2. Errand Services

These services run the gamut. You might see signs in your dorm lobby for laundry pick-up, grocery shopping, or meal preparation and delivery. Don’t take the bait. College is tough, there’s no denying it, but if you don’t think you have enough time in the day to take care of these responsibilities yourself, try instituting some time management practices to free up the necessary time. When you’re studying, go to the library or another quiet area so you’re not interrupted. If you’re doing online research for a school project, stick to the matter at hand and avoid surfing the Internet or checking your social media accounts. Free up more time in your day and you can complete these errands on your own and save a bundle.

3. University Health Coverage

Because of the Affordable Care Act you can now stay on your parents’ health insurance plan until you reach the age of 26. Take advantage of that and opt out of campus-based health insurance. This is another unneeded expense and even if your parents ask you to pay for your portion of the coverage, it’s likely to be less than what you would pay through your school plan since many institutions have significantly raised premiums.

4. Dining Meal Plan

I was recently reading a college education website and one student commented that his food plan cost $1,325 for 100 meals. That’s $13.25 per meal. Be sure to run the numbers of a university meal plan before signing on the dotted line. You could save yourself hundreds by eating in your dorm room. Take advantage of cooking facilities and clip coupons to save money on your grocery trips.

You may believe some of these services are worth the cost, but don’t lose sight of how important it is to keep your expenses down while in school. Once you graduate and hopefully find work, you’re going to be responsible for personal budgeting. Save money any way you can during school and start paying your loans back as quickly as possible.

What campus services can you eliminate that are unnecessary?

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3 Things To Know About Going Greek

Filed under: College Life, Tips - Angelina
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Cameron Tranchemontagne Blogger Biography

 

 

 

 

Going Greek was certainly one of the best decisions I’ve ever made in my life. It helped with my grades (which needed severe improving), it got me more involved on campus (something every freshman should do right away), and it taught me life lessons that I likely wouldn’t have got anywhere else. On top of that, we have a LOT of fun whether we are doing community service or having a social. So if you’re considering joining a fraternity or a sorority, I strongly encourage you to do it. Just make sure you are well informed before you make a decision.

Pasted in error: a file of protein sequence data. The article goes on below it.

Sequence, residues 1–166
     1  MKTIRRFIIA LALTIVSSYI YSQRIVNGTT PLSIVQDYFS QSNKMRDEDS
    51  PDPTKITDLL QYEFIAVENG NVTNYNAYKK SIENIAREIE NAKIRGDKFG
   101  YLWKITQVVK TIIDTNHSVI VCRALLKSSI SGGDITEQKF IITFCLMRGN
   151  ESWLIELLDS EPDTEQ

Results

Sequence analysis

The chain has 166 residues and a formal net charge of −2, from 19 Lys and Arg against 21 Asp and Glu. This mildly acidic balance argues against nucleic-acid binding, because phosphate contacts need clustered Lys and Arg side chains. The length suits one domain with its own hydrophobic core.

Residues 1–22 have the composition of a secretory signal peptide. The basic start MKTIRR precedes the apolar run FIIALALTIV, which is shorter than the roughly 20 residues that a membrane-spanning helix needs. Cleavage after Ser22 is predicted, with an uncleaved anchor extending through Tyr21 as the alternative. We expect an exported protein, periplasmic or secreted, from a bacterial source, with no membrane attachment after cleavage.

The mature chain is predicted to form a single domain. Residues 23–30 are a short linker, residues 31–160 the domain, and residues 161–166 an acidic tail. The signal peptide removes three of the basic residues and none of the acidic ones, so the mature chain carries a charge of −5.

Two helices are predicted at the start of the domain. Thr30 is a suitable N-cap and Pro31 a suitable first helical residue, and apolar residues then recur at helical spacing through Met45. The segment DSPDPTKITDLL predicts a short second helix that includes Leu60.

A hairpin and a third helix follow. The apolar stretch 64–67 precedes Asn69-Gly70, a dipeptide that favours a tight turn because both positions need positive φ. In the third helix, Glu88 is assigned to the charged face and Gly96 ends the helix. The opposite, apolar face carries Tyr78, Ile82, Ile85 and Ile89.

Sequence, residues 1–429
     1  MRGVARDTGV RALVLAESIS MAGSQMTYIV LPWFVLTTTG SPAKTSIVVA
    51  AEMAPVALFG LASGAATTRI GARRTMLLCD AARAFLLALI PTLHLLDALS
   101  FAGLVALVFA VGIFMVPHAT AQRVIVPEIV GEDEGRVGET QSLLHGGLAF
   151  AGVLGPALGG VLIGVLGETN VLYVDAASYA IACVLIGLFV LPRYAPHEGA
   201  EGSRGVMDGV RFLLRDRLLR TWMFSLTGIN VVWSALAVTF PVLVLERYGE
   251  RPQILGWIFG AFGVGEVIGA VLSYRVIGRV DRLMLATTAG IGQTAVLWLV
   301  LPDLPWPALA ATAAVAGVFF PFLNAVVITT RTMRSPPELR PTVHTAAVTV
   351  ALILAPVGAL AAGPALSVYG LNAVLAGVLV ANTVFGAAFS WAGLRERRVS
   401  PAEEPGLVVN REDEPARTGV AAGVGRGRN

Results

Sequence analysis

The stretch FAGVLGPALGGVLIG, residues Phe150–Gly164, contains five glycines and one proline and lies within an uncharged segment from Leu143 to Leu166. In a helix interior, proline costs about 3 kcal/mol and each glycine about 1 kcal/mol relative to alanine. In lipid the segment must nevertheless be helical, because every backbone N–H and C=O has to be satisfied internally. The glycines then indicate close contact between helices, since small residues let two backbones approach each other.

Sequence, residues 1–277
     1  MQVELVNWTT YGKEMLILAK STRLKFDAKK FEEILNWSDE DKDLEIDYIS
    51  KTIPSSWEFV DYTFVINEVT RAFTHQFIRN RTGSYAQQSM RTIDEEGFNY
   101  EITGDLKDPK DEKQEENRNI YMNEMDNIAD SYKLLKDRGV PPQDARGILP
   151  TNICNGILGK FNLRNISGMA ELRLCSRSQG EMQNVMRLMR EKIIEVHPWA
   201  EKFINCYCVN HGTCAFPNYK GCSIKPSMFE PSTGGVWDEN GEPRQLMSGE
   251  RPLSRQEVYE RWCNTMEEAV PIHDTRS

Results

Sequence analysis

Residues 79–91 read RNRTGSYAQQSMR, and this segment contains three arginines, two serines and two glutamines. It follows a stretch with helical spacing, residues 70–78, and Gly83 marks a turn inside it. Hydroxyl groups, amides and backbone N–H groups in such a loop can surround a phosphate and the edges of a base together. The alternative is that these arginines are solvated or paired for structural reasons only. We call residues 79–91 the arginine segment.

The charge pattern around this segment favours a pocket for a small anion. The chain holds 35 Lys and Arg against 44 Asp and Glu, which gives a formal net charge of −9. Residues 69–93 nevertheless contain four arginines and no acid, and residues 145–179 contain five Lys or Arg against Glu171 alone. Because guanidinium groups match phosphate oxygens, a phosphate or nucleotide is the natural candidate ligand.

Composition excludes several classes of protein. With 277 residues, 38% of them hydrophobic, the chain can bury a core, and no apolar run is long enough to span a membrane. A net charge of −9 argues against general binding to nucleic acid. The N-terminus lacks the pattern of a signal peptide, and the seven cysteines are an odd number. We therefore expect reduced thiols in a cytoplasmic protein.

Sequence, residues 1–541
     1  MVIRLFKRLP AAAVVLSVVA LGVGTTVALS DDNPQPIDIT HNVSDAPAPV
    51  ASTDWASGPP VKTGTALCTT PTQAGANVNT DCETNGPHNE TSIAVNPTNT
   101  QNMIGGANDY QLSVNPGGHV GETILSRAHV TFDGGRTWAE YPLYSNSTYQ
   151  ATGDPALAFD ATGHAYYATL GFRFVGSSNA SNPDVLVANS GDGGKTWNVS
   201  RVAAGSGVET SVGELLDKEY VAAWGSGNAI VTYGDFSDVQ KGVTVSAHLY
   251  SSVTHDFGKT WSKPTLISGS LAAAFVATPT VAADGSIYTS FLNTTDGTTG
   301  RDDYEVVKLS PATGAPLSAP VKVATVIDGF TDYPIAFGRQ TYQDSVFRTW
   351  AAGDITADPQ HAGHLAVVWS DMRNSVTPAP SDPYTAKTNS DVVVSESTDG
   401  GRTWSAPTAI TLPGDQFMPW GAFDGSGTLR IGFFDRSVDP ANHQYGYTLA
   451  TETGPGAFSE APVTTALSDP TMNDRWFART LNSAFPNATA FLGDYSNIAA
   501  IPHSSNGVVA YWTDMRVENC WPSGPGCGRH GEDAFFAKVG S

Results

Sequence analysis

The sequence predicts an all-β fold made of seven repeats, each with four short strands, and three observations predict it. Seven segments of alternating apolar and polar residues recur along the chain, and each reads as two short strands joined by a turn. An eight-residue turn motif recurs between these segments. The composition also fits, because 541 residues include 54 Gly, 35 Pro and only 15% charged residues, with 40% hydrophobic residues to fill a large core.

1. Don’t Tolerate Hazing

Hazing is defined as anything that one is forced to do, especially if it makes him/her uncomfortable or puts them in harm’s way. Unfortunately, a good amount of Greek organizations still haze – so be on the lookout. If at any point someone pressures you into doing something you would not normally do, that is hazing. Hazing does nothing to build true brother/sisterhood and usually only serves to amuse older members. What usually starts off as something lighthearted and funny can spiral out of control fast. Don’t let this scare you though! There are plenty of Greek organizations that do not haze and will be more than willing to work around a problem if anything about joining makes you uncomfortable. These are generally the most respected fraternities and sororities on campus and the ones that know how to stay out of trouble, meaning – you won’t join and then be kicked off campus before your four years are up. If at any point you notice or feel the effects of hazing, there are campus hotlines you can call to report it.

2. Paying Dues